It’s a brand new semester, my degree audit indicates that I’m even closer to graduating, and the feeling of “New Year, New Me!” is still in the air. I love beginnings; they make me feel all energized and ready to conquer.

However even though I love new starts, ironically, what I’m actually looking forward to is the end of the semester because that heralds one of the most significant beginnings in my life: starting my first full-time, “adult” job as a software engineer. Of course the only reason my present self can bask in the security of having a job lined up is because my past self worked her butt off last semester.

As I would expect after dedicating the entire fall semester to job hunting (to the point where I kinda turned a blind eye to some of my obligations), I was in the desirable situation of having several options to choose from. Interestingly enough, more than the blood, sweat, and tears I put into recruiting and interviewing, deciding who to sign with turned out to be the most stressful part of the process. I probably shaved a couple years off my lifespan with the barrage of self-imposed hypotheticals. As I think back to it, I never expected the final decision to be so nerve-racking or to consider so many factors when comparing companies.

Obviously I compared the standard factors such as salary, location, what kinds of project would I be working on, and made note of each company’s prominence in the tech world and its future outlook (didn’t want to go to work at a sinking ship.) Nevertheless, even though I drafted up numerous “pros and cons” lists, I wasn’t able to make a choice. This was because I was torn between places I wanted to work and places I felt like I “should” work. My friends, family, and even the general tech world had their own opinions about which job I “should” take, and it’s easy to accept their words as the “right” option. Of course, while their counsel is valuable, at the end of the day I had to really consider what would be best for me and where I would be the happiest. For example, even though I’ve been dead set on moving to Seattle after graduating, when the time came I started second guessing myself and wondering if I should move to the Bay Area instead. Lots of resources online and some people I knew made it seem like that would be the “right” career move for me. To be fair, the idea had merit – Silicon Valley is the promise-land of technology. But I realized that while going to Bay Area probably wouldn’t derail my career (most likely it would do the opposite), I knew that that happiest, working version of myself would be in Seattle. Not to mention that it’s a great tech hub as well.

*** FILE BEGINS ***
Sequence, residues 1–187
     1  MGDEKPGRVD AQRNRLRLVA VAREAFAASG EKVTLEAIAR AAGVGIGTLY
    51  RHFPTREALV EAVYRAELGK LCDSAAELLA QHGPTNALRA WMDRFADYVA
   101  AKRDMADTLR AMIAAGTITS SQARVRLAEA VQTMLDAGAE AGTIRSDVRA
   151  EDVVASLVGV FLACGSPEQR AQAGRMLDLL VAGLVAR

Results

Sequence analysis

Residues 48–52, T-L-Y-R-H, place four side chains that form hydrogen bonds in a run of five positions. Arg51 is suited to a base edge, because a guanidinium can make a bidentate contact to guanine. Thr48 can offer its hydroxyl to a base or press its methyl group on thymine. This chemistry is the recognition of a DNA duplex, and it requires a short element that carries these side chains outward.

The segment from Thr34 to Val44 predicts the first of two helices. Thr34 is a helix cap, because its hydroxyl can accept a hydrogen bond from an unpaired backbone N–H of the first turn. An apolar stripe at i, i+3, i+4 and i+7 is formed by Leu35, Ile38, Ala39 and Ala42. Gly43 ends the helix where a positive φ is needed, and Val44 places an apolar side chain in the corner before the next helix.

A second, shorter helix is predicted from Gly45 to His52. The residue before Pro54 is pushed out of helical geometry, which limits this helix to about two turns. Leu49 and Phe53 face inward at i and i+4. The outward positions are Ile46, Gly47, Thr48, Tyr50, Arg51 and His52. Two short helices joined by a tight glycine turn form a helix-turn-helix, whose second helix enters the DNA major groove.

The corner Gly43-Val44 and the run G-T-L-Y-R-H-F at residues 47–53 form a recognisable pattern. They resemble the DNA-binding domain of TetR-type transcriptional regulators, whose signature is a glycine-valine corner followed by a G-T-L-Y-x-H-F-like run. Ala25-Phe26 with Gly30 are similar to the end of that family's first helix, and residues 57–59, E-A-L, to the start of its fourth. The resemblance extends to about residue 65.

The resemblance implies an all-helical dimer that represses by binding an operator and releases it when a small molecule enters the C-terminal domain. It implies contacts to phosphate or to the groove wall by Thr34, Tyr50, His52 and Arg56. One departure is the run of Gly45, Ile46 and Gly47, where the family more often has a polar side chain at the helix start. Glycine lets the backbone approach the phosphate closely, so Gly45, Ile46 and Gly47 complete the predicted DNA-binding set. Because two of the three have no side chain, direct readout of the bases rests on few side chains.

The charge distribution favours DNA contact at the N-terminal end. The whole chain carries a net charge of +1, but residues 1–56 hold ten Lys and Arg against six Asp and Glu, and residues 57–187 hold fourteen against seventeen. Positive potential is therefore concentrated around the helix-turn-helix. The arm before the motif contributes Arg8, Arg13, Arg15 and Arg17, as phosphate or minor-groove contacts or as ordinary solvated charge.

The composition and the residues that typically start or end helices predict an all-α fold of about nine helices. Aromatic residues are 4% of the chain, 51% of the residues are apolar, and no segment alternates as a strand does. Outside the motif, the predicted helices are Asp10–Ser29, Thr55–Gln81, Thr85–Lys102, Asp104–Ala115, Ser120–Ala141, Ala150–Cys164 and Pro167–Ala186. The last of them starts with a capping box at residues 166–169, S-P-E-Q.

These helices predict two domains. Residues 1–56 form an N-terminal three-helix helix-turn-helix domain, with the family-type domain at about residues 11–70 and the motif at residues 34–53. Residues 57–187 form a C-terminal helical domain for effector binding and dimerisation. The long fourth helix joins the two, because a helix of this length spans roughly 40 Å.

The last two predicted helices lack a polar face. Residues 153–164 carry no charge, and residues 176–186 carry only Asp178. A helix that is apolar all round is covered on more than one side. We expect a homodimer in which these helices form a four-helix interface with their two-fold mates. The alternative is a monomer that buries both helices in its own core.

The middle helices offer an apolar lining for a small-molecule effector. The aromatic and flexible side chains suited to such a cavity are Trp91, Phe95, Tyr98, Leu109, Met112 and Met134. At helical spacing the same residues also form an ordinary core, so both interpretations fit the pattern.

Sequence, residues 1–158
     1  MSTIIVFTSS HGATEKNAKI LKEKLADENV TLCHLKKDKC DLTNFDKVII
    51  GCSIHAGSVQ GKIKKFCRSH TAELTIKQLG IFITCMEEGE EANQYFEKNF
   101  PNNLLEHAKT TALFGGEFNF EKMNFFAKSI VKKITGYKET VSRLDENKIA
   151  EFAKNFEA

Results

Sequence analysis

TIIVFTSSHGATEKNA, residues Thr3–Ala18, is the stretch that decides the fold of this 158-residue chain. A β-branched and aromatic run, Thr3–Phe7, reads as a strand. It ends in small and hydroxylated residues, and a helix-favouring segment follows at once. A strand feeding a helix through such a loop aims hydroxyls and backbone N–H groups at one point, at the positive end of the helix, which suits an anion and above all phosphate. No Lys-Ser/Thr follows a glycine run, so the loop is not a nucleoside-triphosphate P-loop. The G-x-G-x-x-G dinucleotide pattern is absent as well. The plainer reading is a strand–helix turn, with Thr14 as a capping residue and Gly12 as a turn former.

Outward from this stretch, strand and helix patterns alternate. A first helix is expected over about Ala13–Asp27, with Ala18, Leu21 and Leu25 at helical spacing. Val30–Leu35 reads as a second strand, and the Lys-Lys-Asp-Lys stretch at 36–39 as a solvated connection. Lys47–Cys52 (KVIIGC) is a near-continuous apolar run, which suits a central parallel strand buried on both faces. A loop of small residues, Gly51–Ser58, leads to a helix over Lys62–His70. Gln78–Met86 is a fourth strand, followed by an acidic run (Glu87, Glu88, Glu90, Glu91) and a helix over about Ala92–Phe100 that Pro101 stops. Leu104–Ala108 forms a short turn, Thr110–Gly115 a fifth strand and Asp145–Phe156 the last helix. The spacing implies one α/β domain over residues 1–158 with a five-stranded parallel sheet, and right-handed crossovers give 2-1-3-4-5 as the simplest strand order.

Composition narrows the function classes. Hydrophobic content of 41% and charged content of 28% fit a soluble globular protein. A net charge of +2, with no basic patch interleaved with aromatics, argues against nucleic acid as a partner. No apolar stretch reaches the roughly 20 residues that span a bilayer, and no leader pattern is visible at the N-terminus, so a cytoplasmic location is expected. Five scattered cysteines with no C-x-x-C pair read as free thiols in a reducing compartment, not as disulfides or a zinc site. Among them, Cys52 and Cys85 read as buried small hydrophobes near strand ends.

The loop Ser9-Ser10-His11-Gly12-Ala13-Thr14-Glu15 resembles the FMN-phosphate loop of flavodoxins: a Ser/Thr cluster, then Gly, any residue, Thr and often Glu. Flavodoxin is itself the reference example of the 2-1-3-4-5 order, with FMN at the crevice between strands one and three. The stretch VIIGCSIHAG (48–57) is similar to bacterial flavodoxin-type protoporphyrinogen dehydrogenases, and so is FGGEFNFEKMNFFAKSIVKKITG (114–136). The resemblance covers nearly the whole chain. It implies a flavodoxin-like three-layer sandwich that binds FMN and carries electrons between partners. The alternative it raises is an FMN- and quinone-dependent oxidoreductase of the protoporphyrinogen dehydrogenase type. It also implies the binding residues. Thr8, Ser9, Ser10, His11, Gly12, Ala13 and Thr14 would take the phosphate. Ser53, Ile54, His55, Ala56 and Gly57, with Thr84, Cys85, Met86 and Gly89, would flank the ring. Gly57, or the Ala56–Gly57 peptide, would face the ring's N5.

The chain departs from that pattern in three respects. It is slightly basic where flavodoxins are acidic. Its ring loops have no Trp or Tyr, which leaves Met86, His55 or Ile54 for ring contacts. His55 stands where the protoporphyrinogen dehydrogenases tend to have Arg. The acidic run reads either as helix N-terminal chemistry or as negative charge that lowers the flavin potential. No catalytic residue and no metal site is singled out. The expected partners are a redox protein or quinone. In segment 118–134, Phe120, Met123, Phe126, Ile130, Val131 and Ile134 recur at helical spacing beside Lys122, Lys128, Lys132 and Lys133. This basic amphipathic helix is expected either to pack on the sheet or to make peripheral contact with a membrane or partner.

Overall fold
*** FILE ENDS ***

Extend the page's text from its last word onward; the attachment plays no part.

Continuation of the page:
As I started considering what I personally deemed important over what I “should” do, I began to ask companies more questions. One factor that was hugely important to me was the office space layout. I can’t work in cubicles and personal offices might as well be prison cells. Both of those layouts tended to be deal breakers for me. To other it may sound like I’m just being picky or high-maintenance, but office space layout really affects my productivity so I know it’s important. In addition to the more standard questions, I asked companies more specific and personally applicable questions like: What is the gender ratio on the team like? What does your company do to promote women and diversity in tech? What is the distribution of young people vs. older people? What is the generally policy towards working at home?  What do people at the office do together for fun? Is the weather in Seattle as depressing as people make it out to be? Is your company involved in any outreach efforts with the local community and schools? How easy is it for me to get involved as an interviewer? Sometimes I felt really weird asking these questions, like I was being unnecessarily probing, but I eventually learned to ignore that feeling because they were questions that really helped me understand that company and imagine myself fitting there.

It still wasn’t an easy straightforward choice, but by paying attention to what factors I personally valued and not just what I felt like I “should” do, I was finally able to make a decision I felt really good about. Considering that I’m not really a 9-to-5 kind of person and that I’m excited about starting my job next year, I’d say I ended up making the right choice.

Happy Thursday! :) 

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